While originally designed as a bolt on system to DnD, the Rolemaster “Laws” were always unwieldy to adapt to a d20 system. That didn’t matter for long, as the full suite of rules were published in fairly short order: Rolemaster was a standalone system.
Unfortunately from there, Rolemaster became ‘bipolar’: it contained quite a bit of DnD DNA but tried to establish an RM specific setting with the Loremaster line of products. (Iron Wind, Cloudlords, Vog Mur). Rolemaster was torn between the path forward in the gritty world of the Iron Wind or the well established cartoonish tropes of DnD. And soon after that, ICE rolled out the Middle Earth setting, although there is general agreement that the first few ME books (Court of Ardor & Umbar specifically) had more the feel of the Loremaster world than Middle Earth.
In balancing out these various constituencies, ICE decided to spin off a simplified version of RM for the Middle Earth products (MERP) to better fit the system with the setting, but Rolemaster continued to be torn between its roots in DnD and its flavor and style represented by Loremaster. When Shadow World was introduced in the late 80’s it established it’s own DNA, but still drew from the standards found in Creatures & Treasures to maintain product line conformity. Third party Shadow World products were more generic, diluting the world flavor–since then most have been stamped as “non-canon” by Terry.
Now 35 years later, MERP is gone and Rolemaster has been redesigned and soon to be published. Unfortunately, the redesign only united the previous versions of RM (RM2, RMC, RMSS) and NOT united the game system with a game world. That was a mistake.
I’ve blogged quite a bit about the “gap” between the RM rules and Shadow World, and deconstructed different rule mechanics and how they are in conflict with that world setting. Rolemaster has one foot in and one foot out of the established game setting (Shadow World) leaving RM as an orphan: a generic fantasy game system in a market place that doesn’t need one with mechanical bits that are remnants of early 80’s 1st Edition AD&D.
ICE has little chance in reliving their heydays of the 80’s. There is more competition, more niche products, more OGL’s and more self published material than ever. Shadow World may not be for everyone, but it has a following, is a good setting and Terry continues to write new material and improve existing material. Shadow World needs to embrace it’s uniqueness and Rolemaster needed to fully adapt the rules to fit the setting. A comprehensive and unique eco-system can bring in new players and/or unify exiting ones.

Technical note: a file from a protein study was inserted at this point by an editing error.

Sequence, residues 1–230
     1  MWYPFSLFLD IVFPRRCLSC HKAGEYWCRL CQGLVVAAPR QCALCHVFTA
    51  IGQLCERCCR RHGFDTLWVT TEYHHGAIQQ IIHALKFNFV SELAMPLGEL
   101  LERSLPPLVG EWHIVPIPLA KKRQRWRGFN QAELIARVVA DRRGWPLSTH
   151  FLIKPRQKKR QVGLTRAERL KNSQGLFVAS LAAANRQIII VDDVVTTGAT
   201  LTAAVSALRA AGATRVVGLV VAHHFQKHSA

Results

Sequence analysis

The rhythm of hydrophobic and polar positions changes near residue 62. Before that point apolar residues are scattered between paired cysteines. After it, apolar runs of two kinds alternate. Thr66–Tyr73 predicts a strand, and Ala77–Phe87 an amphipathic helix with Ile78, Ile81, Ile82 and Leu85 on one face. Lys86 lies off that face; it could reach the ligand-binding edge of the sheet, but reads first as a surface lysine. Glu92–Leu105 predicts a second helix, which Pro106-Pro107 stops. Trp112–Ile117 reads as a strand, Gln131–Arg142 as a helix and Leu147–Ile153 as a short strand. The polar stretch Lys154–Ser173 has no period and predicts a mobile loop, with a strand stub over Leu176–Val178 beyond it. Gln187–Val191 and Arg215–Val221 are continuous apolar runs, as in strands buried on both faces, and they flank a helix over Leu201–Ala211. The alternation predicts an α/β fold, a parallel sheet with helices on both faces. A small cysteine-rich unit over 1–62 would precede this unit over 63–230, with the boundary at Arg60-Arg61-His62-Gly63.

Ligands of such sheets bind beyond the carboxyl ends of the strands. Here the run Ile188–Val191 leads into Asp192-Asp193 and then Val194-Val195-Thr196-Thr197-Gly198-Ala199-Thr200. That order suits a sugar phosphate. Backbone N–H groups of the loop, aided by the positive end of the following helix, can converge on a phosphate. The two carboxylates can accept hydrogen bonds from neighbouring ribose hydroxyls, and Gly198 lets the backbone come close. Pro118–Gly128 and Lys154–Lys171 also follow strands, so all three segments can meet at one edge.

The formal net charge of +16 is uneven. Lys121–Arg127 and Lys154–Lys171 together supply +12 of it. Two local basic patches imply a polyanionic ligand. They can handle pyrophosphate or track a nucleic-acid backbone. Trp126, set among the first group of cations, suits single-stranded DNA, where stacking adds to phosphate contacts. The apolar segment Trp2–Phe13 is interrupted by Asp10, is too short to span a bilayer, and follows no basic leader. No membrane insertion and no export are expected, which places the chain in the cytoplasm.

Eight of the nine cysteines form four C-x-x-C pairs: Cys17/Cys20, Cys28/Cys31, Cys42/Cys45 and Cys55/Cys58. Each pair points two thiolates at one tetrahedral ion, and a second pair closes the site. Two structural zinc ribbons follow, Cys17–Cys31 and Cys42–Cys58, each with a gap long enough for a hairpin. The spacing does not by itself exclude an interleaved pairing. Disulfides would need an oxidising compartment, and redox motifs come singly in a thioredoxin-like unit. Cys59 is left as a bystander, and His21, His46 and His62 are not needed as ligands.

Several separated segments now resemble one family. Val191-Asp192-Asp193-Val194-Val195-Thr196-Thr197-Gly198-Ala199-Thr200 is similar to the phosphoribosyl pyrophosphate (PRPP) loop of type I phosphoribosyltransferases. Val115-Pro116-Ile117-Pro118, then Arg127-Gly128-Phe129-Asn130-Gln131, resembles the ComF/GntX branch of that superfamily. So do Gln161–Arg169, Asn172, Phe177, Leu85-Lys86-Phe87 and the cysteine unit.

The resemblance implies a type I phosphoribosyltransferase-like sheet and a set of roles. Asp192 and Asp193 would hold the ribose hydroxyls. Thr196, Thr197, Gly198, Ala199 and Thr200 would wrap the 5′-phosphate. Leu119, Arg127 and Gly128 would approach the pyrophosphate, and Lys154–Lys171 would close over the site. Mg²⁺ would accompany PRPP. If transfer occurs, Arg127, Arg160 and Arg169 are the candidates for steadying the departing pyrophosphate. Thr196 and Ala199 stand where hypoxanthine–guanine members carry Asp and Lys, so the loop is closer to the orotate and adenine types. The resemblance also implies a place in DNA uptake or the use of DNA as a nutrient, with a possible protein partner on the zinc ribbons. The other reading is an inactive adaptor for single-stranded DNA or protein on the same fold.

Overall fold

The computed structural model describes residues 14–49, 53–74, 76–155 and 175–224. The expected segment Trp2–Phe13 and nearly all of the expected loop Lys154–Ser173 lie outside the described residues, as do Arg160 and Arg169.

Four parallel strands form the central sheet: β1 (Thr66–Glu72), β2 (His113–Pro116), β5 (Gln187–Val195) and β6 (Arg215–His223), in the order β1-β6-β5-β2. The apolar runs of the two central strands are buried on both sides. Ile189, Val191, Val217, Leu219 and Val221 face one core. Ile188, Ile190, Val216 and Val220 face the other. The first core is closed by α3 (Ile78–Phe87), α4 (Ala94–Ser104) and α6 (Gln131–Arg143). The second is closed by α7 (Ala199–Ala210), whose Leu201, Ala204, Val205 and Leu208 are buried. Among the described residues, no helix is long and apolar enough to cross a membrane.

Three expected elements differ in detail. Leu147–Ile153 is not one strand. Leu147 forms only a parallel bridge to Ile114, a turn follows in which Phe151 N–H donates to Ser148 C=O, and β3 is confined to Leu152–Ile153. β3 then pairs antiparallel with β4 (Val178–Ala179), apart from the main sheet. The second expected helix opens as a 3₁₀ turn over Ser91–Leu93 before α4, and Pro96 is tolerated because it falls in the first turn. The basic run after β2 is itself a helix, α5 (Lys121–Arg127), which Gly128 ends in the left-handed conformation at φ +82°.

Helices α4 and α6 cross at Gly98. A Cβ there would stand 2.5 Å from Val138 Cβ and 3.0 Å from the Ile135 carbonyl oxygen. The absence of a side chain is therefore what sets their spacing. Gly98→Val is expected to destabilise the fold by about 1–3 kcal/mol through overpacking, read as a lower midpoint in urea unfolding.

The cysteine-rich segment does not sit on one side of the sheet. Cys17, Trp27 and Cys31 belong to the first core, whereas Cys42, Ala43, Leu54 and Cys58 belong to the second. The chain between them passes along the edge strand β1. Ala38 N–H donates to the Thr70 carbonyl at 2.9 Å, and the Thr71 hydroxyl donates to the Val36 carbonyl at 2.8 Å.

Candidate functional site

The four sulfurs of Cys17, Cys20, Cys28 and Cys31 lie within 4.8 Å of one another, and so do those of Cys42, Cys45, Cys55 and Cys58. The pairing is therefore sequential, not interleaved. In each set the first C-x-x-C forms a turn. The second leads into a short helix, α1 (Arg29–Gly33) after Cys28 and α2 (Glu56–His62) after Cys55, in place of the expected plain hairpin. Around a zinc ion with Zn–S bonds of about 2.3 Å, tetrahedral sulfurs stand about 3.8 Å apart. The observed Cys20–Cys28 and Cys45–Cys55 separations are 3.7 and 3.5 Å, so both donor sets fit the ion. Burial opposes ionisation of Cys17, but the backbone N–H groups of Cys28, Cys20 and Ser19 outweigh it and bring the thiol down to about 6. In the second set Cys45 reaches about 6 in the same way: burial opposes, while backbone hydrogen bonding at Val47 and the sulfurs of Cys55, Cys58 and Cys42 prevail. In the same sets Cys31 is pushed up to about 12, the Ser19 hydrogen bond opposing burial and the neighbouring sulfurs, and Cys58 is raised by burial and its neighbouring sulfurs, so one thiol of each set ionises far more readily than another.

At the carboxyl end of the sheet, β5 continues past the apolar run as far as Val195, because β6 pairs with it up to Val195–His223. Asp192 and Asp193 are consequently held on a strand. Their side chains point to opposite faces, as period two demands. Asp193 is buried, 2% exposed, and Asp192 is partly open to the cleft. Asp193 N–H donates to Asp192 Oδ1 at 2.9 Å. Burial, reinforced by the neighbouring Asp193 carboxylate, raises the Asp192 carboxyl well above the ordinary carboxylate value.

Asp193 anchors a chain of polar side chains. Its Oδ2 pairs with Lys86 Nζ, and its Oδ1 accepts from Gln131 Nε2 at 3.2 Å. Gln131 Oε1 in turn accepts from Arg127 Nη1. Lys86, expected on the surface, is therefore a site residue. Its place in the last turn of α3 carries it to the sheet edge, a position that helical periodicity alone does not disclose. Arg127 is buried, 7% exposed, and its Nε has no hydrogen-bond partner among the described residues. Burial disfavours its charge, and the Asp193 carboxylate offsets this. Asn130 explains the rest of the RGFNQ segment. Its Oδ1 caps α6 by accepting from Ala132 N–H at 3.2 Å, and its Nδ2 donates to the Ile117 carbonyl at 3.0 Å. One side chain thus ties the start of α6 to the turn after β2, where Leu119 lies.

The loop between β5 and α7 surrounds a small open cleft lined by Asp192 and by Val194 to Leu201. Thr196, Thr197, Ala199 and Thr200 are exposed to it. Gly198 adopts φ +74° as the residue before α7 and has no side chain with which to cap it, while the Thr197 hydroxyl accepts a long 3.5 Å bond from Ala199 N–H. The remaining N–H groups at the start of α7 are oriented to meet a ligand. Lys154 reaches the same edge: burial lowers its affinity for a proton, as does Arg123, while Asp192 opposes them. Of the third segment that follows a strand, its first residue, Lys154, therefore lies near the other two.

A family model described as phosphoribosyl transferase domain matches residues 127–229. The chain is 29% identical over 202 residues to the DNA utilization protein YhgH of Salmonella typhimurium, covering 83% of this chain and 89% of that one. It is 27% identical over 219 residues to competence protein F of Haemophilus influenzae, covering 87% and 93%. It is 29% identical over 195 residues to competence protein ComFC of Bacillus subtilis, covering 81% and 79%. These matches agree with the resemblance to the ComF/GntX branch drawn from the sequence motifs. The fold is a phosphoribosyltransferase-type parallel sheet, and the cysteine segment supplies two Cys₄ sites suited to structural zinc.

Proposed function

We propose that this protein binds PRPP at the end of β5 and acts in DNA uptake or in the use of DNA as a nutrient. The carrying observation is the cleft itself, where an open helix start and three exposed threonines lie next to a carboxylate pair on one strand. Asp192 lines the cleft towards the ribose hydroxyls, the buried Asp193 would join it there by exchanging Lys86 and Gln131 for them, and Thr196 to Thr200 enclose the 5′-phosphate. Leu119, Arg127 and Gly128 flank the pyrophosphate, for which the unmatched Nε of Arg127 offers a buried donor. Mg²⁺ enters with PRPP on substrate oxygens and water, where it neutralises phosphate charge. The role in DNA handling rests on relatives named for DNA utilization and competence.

The new rules, the creatures and the spells in RMU should have been fully united with Shadow World. That would require, among many other things, Pantheon specific spell lists, rational rules for death and resurrection, elimination of some earth/cultural weapons for clarity, expansion of unique SW creatures, Professions for Loremaster, Navigators and other SW specific organizations, clarity in Essence manipulation/perception with Essence Flows and Focuses etc etc. The rules should reinforce the setting and the setting should reinforce the rules.
There has been a lot of discussion about who the target market is for RMU. There is skepticism that the existing user base will adopt RMU entirely after decades of playing and modifying earlier versions. It’s been pointed out that many RM players are older, in their 40’s and 50’s. These are important questions and discussions–how can ICE generate a all new base of younger roleplayers?
Putting aside OSR self-published products, it seems to me that new game systems are packaged with the setting. In fact, the setting itself becomes the draw while the rule set supports the setting. This was even true in the 80’s. Gamers didn’t play Ringworld or Twilight 2000 because the rule set was excellent–they played for the setting. Numenera didn’t market it’s rule set–it marketed the unique setting (which I think Monte borrowed heavily from Loremaster/SW).
It’s not too late. RMU doesn’t seem that close to publishing that an intensive effort to adapt SW to the new system couldn’t be done. It’s not like SW would require much work to adapt to RMU–most of the work would be tweaks to RMU to conform with SW. But the roll-out needs to be a combined effort of rules and setting. If that could be executed, ICE and SW would be a multi-platform property: rule expansions, modules, fiction, graphic novels and maybe a small allowance for open license materials. This isn’t revolutionary–ICE has done some or all of that but via a fragmented strategy. RM was used for online MMORPG for a bit, Terry has started his SW novelization, fans have written comics, SW art etc.
This doesn’t mean that RMU can’t be used as a rule set for other settings. But another iteration of a generic Rolemaster isn’t going to differentiate it from other new products on the market and may not appeal to much of the established player base that have years invested in one of the past editions.